This is the default KDE image viewer. I just tried it on a 128-megapixel color JPEG (my OS is 32-bit). Gwenview loaded the image about 1 second.
It loads the image zoomed out initially. The process is using only 55.8 MB of memory, so clearly it hasn't loaded the full uncompressed image data.
At 100% zoom, it is quite snappy when I pan the image. The process is now using 520 MB of memory, which is slightly more than the 489 MB the uncompressed 32-bit image would take up.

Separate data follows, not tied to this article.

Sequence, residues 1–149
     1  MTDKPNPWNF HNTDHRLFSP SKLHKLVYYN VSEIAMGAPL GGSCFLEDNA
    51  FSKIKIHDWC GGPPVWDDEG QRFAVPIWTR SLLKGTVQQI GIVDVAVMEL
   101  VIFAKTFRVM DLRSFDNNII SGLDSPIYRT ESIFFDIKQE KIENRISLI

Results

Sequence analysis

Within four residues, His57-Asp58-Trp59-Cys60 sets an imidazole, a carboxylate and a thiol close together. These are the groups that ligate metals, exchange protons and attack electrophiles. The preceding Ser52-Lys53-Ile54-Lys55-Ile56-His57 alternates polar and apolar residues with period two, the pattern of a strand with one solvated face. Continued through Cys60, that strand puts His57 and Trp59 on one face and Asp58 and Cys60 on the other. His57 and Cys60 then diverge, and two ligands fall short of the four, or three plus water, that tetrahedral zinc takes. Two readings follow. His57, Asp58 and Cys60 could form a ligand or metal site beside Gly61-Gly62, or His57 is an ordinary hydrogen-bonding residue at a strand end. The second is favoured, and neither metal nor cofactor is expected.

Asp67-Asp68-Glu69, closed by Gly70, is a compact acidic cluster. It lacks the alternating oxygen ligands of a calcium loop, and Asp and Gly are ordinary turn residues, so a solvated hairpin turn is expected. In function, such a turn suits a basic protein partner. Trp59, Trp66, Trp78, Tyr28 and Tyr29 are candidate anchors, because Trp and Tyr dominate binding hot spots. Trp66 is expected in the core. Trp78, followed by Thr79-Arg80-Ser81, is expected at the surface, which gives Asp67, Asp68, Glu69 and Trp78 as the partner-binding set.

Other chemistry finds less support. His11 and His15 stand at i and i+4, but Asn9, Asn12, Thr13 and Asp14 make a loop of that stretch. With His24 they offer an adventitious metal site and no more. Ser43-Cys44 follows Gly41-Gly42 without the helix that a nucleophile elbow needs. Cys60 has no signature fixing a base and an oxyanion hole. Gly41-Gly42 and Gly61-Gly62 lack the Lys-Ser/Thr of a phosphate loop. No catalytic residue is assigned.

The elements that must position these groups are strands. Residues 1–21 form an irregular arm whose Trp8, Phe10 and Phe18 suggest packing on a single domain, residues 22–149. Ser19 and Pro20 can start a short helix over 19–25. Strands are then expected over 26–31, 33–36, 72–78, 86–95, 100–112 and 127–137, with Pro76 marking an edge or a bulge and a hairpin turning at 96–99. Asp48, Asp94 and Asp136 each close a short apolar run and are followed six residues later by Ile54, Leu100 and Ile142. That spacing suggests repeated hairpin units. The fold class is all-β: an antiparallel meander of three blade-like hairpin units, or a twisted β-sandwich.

However, with images of the size you described, loading the whole thing in memory is tractable on a recent computer. (The 32-bit addressing limit is 3 GB on Linux.)
ImageMagick supports processing huge images without storing it all in memory.
To do this, use
display -limit memory 256mb huge_img.png
256mb with however much memory you want to use). ImageMagick will store the remainder of the pixel data on disk (
/tmp/magick-12345678), so that it doesn't have to hold it all in memory.
It seems to be slower than Gwenview, but you might prefer it if you don't want to install all of Gwenview's KDE dependencies, or are heavily resource-constrained.